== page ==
“You see what I’m talking about, the privilege? You could’ve easily knocked on doors, man. You could’ve easily warned the community. Instead, a working-class neighborhood that is barely affording the effects of gentrification that pays the rent. […] A working-class community that can’t afford the rent because of the exploitation, because of what’s going on with gentrification. And instead of knocking on their doors, what do you do? You get their cars towed away,” Aviña says in the final video to the production crew. “So now they got another fine. Now they got a parking ticket, plus get their cars out. You know I’m making sense. You know it’s the truth. It’s our reality. We live this shit every day. You’re not the only ones that come and film here. We gotta deal with this daily.”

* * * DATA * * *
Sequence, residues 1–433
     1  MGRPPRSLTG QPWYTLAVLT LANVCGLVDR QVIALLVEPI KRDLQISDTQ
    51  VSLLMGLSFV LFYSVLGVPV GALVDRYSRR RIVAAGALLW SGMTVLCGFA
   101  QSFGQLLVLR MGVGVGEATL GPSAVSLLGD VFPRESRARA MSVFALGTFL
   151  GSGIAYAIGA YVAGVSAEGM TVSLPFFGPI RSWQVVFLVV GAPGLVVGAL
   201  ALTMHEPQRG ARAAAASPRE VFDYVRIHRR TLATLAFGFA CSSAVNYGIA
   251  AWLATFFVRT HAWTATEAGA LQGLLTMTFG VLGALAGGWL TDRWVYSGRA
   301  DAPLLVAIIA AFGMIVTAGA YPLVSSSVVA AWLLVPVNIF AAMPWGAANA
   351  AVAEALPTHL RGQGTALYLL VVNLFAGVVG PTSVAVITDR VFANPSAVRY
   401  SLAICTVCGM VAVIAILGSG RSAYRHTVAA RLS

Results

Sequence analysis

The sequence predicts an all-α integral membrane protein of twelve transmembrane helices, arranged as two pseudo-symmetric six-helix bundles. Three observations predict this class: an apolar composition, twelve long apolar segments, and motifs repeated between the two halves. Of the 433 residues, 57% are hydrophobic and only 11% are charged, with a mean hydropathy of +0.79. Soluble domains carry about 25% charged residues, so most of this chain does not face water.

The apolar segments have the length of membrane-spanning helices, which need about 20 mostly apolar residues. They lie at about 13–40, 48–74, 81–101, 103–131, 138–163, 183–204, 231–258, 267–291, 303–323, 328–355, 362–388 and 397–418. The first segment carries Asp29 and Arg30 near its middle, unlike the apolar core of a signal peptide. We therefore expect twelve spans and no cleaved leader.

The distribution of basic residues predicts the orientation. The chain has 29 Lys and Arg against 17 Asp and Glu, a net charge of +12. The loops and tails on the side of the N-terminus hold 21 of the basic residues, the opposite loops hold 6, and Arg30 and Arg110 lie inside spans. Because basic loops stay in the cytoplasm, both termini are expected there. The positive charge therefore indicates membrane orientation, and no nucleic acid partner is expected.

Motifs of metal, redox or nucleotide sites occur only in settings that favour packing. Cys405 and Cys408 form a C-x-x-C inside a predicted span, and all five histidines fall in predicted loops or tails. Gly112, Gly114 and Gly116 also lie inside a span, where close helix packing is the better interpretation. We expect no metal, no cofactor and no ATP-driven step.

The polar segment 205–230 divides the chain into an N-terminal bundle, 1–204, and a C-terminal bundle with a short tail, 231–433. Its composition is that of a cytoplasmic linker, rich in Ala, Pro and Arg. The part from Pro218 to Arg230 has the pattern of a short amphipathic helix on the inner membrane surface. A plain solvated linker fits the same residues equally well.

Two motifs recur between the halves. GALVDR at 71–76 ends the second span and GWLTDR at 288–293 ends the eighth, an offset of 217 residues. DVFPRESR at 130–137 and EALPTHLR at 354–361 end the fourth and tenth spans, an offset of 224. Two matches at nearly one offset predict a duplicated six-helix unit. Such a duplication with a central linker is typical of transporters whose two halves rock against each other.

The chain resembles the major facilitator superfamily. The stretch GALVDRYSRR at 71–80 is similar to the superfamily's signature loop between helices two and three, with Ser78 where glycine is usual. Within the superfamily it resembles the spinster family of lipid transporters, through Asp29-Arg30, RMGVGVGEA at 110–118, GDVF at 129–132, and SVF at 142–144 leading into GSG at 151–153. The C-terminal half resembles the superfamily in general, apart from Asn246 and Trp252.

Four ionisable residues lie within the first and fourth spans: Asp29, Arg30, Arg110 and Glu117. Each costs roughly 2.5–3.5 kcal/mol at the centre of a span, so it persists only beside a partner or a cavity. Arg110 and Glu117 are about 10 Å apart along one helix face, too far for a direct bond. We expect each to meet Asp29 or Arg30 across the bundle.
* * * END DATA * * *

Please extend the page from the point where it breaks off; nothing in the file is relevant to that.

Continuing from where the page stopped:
There are guides to experiencing Beverly Hills and the Santa Monica pier, and then there are guides that actually loops you into the good stuff. Guess which category this one falls into? Instead of spending your vacation time trying to beat the crowds at Runyon Canyon and watching white boys skateboard at Venice Beach, this guide will help direct you to the true culture of Los Angeles: Latino-style.
Try to stay on the East Side if you can.
While Hollywood, Beverly Hills, and Santa Monica are the hot spots for most tourists, all the culture is on the East Side. Echo Park and Silver Lake have become more and more gentrified, but there are still Mexican-owned restaurants that could use your business. If you stay in the Echo Park / Boyle Heights area, enjoy some of the best tamales from Tamales Alberto.